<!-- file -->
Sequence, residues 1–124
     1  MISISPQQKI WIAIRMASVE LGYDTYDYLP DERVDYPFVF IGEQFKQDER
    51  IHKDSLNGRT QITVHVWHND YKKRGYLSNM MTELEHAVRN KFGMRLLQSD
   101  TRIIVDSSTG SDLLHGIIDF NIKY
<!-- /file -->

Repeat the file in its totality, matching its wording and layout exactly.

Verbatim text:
Sequence, residues 1–124
     1  MISISPQQKI WIAIRMASVE LGYDTYDYLP DERVDYPFVF IGEQFKQDER
    51  IHKDSLNGRT QITVHVWHND YKKRGYLSNM MTELEHAVRN KFGMRLLQSD
   101  TRIIVDSSTG SDLLHGIIDF NIKY